American Men – In 2007, only one American finished inside the Top 10 – the first time since 1986 that the USA failed to place multiple guys inside the Top 10 at year end. In 2012, zero Americans finished inside the Top 10 for the first time ever. Now in 2016, no American has finished in the Top 10 for the 5th straight year!! When does this end? Who ends it? JOHN ISNER: He’s been the highest ranked American at year end for 5 straight years, but he slipped from #11 to #19 during 2016, is now 31, and is unlikely to regain a foothold inside the Top 10. JACK SOCK: Sock is 24 yrs old, stayed inside the Top 30 all year, and won a personal best 37 matches in 2016. But unless he adds some variety to his Big Serve, Big FH game, and some more consistency as well, he won’t crack the Top 10…but near term, he has the best chance. SAM QUERREY/STEVE JOHNSON: Both are solid players, both inside the Top 35 (Sam #31, Steve #33) and both under 30 (29 and 26 respectively), but I’d be surprised if either broke inside the top 20, let alone Top 10. Querrey’s career has been marked by inconsistency and wide ranking fluctuations, while his career-best rank of 17 was almost 6 years ago. Unless Johnson learns how to come over a BH and not slice it 95% of the time, his ranking seems to be maxed out at about 20-25. He moves well, and has a strong serve and FH, but there’s just too much strong, young, well-rounded talent out there to reach the Top 10 with such a glaring liability. TAYLOR FRITZ: As an 18 yr old, Fritz splashed onto the scene early last year when he first won a Challenger event in Australia, then qualified into the Aussie Open, a few weeks later made the finals of Memphis (l. to Nishikori), and then qualified and made the QFs of Acapulco (l. to Querrey). The highlights were rather few and far between after that – qualifying and winning a round at Miami, and then doing the same at Shanghai. But he showed he could hang with the big boys, keep cool under pressure, and has some tools climb high in the ranks. Now 19, he finished the year ranked 76th, and as he gets stronger and quicker, he should be seeded at slams (ranked #32 or higher) by 2019, assuming continued development of his game. FRANCES TIAFOE: Tiafoe is a few months younger than Fritz, turning 19 in January next year, and boosted his ranking during 2016 from 176 to 108. His highlights along the way included making 5 Challenger finals (winning two of them), beating Fritz in a 1st round Indian Wells center court encounter, and then going up 2 sets to none on Isner in an epic 1st rounder at the US Open, before losing 7-6(3) in the 5th set. Tiafoe’s athleticism approaches that of Gael Monfils – he’s an absurdly fast, quick guy, extremely agile, and with tremendous racquet head speed. His strokes are a bit unorthodox, but he has such raw talent, I’d take his upside over every other American I’ve mentioned above. His quickness and speed is already ATP elite. As he gets more consistent and tacks on more ATP match experience, he should become the #1 American, and a Top 10 talent, for many years.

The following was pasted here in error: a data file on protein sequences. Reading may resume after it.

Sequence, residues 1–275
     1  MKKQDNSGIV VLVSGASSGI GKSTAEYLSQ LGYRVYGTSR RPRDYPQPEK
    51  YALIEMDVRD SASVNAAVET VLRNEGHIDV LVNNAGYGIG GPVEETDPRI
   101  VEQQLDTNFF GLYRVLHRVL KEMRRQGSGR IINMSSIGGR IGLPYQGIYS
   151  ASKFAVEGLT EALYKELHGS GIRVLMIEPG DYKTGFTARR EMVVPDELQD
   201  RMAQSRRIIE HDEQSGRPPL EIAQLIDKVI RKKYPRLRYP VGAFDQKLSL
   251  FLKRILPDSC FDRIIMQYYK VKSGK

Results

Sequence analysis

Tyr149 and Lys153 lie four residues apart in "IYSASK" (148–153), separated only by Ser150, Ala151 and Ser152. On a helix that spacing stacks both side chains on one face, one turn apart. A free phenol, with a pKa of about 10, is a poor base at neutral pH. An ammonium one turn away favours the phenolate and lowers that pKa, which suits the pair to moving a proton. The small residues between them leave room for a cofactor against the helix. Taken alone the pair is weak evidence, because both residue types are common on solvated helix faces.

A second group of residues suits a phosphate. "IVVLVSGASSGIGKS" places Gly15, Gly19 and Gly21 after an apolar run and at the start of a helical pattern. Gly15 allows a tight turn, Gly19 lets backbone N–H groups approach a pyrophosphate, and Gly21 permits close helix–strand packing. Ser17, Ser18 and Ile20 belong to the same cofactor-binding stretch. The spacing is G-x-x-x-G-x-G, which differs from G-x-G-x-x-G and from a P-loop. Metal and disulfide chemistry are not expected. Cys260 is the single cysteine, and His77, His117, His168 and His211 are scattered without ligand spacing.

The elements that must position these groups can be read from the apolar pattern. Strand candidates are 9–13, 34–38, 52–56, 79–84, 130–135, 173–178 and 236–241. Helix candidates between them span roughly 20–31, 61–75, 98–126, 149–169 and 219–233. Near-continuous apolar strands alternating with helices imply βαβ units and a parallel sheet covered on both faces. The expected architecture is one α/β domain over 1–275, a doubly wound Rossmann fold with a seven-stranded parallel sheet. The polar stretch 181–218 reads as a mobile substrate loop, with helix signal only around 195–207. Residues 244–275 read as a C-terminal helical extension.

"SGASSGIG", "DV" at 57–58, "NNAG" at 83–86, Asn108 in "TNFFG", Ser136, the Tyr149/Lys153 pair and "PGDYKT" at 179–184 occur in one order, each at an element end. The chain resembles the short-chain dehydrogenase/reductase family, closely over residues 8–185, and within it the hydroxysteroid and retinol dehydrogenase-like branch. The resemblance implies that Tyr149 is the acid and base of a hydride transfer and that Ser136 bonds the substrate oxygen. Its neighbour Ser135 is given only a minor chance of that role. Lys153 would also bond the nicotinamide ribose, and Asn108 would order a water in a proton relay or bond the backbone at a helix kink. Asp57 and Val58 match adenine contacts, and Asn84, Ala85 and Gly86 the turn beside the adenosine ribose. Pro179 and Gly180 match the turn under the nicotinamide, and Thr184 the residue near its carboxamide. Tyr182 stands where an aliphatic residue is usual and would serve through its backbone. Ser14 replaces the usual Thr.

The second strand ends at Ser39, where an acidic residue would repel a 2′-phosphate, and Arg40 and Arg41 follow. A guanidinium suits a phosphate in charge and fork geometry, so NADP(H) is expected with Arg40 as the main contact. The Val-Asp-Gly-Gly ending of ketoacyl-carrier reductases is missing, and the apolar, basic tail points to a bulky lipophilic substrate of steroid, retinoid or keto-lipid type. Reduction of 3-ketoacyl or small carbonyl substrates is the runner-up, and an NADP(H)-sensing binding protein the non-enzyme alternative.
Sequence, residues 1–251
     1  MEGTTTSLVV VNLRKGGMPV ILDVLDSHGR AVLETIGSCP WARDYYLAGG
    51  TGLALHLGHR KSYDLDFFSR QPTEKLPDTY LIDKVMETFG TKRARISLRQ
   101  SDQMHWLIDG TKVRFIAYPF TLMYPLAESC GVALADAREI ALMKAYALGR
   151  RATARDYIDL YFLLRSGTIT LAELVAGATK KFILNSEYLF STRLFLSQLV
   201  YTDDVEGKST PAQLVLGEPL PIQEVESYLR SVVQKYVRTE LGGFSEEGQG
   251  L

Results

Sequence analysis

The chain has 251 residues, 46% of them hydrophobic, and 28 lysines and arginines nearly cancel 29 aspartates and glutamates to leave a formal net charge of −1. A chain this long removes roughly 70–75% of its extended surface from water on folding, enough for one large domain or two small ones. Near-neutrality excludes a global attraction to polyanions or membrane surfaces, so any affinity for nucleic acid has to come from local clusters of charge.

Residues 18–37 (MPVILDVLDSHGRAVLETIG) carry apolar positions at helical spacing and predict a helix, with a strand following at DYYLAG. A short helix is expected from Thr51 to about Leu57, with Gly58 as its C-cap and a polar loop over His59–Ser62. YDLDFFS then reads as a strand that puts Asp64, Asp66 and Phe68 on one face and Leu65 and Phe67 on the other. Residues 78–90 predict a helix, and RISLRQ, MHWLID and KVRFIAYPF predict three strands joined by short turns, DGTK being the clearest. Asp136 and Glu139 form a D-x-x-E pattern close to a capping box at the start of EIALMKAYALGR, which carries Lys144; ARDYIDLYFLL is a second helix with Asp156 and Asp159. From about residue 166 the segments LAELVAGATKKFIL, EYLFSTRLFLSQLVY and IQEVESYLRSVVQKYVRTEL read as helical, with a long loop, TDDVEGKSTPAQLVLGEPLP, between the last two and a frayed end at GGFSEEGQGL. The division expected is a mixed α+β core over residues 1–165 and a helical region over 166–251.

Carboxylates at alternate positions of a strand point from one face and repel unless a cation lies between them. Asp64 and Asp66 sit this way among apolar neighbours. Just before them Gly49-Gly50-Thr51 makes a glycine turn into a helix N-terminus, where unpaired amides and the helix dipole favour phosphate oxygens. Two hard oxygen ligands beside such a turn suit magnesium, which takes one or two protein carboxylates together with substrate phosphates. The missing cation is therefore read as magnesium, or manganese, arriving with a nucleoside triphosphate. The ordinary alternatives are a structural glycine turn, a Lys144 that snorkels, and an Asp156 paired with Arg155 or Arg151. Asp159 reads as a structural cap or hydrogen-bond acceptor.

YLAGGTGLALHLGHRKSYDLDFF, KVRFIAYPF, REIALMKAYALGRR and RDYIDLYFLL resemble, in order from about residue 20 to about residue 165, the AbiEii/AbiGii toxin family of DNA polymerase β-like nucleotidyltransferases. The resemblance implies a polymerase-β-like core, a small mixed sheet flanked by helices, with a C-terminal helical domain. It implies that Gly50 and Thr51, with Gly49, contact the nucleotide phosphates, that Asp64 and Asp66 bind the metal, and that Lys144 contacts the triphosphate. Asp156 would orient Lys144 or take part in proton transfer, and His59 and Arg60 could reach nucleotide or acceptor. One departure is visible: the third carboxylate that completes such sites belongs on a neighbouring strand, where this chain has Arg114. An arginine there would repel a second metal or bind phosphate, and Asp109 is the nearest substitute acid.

The Youth Brigade (Next Gen) – New blood into any sport is always exciting – just look at Zeke and Dak in the NFL and the Greek Freak in the NBA (21 yrs old – if you haven’t seen him, check YouTube highlights. Absurd talent.). When tennis players are young and the learning curve is steep, you want to see large jumps in their rankings, and that’s what we got from a number of promising talents this year. Let’s go over them by ranking: